Missouri Senate Committee Holds First Meeting To Address Gun Violence
A Missouri Senate committee heard several hours of testimony on Monday regarding gun violence throughout the state, with possible solutions including more money for gang intervention and better retention of police officers.
Witnesses at the hearing were invited by one of the seven senators on the newly formed Interim Committee on Public Safety. They included police, prosecutors and research analysts.
Rolla Police Chief Sean Fagan, president of the Missouri Police Chiefs Association, outlined a severe retention and hiring problem for police officers across the state.
“There’s not a police department in the state of Missouri right now that’s not shorthanded and are easily being able to hire police officers,” said Fagan, who worked in the Florissant Police Department for more than three decades before he moved to Rolla. “We have had this problem since the Ferguson issue.”
Fagan said people don’t want to be police officers because they don’t want to put themselves through the “liability and the problems” associated with the job.
“Police officers are very much under a microscope right now,” Fagan said. “If a police officer does good, which 99% of our police officers do every day, you don’t hear a thing about it. But if a police officer makes one mistake, it’s news.”
Fagan mentioned it’s been particularly difficult dealing with drugs, especially with a lack of police officers. He said mid-Missouri is dealing with a serious methamphetamine and heroin epidemic.
“When you look at other problems, like the gun violence, the homicide rate … you can pretty much tie probably 90% of that to the problems we’re having with drugs right now,” Fagan said.
Much of the testimony focused on urban areas, specifically St. Louis and Kansas City. Heather Taylor, president of the Ethical Society of Police and a St. Louis police sergeant, suggested the committee focus on preventative measures.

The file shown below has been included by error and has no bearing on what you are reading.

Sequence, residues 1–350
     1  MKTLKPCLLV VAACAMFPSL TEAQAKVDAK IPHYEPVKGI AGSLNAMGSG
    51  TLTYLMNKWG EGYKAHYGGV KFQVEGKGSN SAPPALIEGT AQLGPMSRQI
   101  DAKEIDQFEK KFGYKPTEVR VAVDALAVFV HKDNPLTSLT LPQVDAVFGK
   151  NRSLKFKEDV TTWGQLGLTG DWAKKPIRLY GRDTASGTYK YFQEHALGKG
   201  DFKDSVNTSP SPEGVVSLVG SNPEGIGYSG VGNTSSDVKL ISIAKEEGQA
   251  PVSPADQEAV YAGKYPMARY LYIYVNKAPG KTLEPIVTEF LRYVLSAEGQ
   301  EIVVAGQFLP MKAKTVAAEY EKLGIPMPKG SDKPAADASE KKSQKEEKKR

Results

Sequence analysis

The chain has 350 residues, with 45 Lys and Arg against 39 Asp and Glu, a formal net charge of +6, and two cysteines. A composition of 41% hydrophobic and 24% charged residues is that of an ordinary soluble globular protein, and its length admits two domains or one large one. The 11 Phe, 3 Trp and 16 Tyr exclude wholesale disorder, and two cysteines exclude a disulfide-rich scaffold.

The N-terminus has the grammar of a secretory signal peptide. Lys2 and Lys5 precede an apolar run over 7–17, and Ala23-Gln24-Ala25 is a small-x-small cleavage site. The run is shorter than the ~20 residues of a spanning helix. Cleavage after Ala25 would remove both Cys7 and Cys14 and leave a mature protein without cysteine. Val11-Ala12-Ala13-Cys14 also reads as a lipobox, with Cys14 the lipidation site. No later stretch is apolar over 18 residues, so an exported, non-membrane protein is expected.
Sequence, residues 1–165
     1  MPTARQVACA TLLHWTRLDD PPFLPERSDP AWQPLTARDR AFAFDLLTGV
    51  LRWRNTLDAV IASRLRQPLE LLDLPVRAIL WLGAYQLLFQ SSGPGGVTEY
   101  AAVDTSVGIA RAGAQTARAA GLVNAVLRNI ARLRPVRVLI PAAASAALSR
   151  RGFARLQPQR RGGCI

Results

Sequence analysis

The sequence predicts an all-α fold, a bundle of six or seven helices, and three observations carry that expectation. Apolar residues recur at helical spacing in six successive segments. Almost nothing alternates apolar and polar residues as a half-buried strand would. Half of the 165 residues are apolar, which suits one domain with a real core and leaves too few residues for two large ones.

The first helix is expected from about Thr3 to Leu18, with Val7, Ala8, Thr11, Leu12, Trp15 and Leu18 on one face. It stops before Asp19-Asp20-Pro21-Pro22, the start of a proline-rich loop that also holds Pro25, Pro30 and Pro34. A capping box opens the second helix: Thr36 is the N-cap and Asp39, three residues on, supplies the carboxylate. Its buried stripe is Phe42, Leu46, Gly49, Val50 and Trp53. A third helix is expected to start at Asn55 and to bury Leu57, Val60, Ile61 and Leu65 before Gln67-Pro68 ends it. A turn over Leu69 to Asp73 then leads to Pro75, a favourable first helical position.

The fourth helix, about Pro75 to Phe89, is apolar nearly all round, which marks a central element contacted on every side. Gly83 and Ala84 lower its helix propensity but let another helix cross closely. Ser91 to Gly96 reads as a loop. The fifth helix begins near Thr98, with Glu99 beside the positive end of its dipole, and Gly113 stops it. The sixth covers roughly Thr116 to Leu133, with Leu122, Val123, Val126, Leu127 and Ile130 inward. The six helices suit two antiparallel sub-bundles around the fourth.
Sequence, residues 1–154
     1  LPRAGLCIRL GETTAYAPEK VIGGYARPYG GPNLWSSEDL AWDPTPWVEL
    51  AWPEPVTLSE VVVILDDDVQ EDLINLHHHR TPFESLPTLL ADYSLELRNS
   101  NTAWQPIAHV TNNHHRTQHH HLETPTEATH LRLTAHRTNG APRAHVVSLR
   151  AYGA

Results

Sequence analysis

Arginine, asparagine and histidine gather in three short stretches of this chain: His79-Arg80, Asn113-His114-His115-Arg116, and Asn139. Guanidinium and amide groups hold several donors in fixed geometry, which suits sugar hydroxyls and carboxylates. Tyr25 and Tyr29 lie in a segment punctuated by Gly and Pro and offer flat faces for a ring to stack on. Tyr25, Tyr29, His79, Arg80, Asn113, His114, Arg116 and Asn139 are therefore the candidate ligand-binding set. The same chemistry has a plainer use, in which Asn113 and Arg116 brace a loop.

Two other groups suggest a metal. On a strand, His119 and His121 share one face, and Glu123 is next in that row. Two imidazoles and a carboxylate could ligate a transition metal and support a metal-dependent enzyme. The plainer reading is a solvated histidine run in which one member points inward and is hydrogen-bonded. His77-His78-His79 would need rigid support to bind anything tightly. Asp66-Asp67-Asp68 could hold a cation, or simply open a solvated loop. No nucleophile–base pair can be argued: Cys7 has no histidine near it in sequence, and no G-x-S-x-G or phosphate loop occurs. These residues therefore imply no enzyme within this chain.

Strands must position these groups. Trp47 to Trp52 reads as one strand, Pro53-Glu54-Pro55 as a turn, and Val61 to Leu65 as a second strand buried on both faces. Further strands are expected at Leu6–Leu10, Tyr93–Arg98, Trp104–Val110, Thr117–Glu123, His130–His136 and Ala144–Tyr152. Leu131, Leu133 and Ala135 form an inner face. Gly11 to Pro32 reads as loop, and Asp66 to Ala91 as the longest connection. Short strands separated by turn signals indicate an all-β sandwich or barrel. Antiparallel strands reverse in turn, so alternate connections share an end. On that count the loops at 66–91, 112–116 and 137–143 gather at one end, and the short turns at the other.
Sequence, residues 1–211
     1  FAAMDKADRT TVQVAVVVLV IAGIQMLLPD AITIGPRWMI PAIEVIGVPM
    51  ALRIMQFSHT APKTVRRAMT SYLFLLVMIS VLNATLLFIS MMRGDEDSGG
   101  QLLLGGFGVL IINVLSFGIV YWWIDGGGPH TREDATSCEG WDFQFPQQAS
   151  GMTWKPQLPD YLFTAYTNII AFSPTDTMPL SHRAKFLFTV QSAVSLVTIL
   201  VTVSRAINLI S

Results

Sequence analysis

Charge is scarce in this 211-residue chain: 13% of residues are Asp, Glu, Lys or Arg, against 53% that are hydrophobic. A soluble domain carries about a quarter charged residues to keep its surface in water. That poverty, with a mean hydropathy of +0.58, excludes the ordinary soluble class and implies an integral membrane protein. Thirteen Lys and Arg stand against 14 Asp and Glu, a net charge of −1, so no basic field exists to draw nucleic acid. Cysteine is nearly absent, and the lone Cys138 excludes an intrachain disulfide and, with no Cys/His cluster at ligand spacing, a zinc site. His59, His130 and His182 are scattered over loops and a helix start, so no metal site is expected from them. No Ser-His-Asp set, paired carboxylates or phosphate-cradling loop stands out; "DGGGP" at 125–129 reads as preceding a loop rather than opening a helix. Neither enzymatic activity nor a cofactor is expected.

“We must start to focus on the things that make people commit crime: poverty, lack of education, a lack of accessible drug treatment,” Taylor said. “Those things are important because when we don’t, economically, it causes a downfall.”
Taylor said in the past five years, St. Louis had 1,005 homicide victims. The previous five years, there were 700. She said homicides continue to increase because Missouri is failing to address systemic problems that create violent offenders.
St. Louis Circuit Attorney Kim Gardner also said crime in the city has gotten deadlier in the past decade.
“From 2015 to 2016, 94% of homicides in St. Louis city involved a gun,” she said, “as opposed to 78% in 2004. Guns were also involved in over 60% of assaults and robberies from 2015 to 2016, compared with 43% in 2004.”
Gardner asked the committee for $500,000 to create a pilot gang intervention unit for St. Louis. She said this type of unit was able to help reduce homicides in the city by 30% in the early 1990s to early 2000s.
The unit worked to build trust in the communities and schools, Gardner said. Officers would help provide job education and training services, but would also have “strategic intel” that helped prosecutors identify “crime drivers.” Gardner said this made sure prosecutors could hold those offenders in custody during the bond process because they were a threat to public safety.
Gov. Mike Parson has laid out a plan to help fight violence in St. Louis that adds patrols by state troopers. According to the governor’s website, the plan that began on Oct. 1 deploys “surges” of troopers on state highways to “apprehend violent criminals, remove them from the interstates, and free up local officers to patrol other high-crime areas.”
Former Gov. Eric Greitens had a similar plan, which was discussed at the committee hearing. Sen. Doug Libla, R-Poplar Bluff, asked if these measures helped with urban crime. But Gardner said it didn’t really address any of the violent offenders in the city.
Sen. Kiki Curls, D-Kansas City, expressed her concerns with those types of plans.
“When you have law enforcement that happens to come from outstate Missouri and you put them deep in the city, in the hood in the city of St. Louis or deep in the city of Kansas City … I have some concerns about that,” Curls said. “When you have a law enforcement person who happens to be either more fearful or out of their comfort zone, sometimes things happen. I just want us to be wary of that.”
Universal background checks and red-flag laws were of the most common suggestions in the hearing. But some lawmakers and witnesses were concerned that passing those provisions could be problematic for legal gun owners.
“Possibly removing handguns from someone who a family member thought might be a danger to themselves or whatever, that’s assuming they’re guilty before they’ve had any kind of due process,” said Jeanie Riddle, R-Mokane. “For me, I would find that an infringement on my Second Amendment rights and, actually, my rights as an American citizen.”
The committee is expected to come up with legislative proposals to address gun violence during the 2020 session that begins in January.Follow Jaclyn on Twitter:@DriscollNPR
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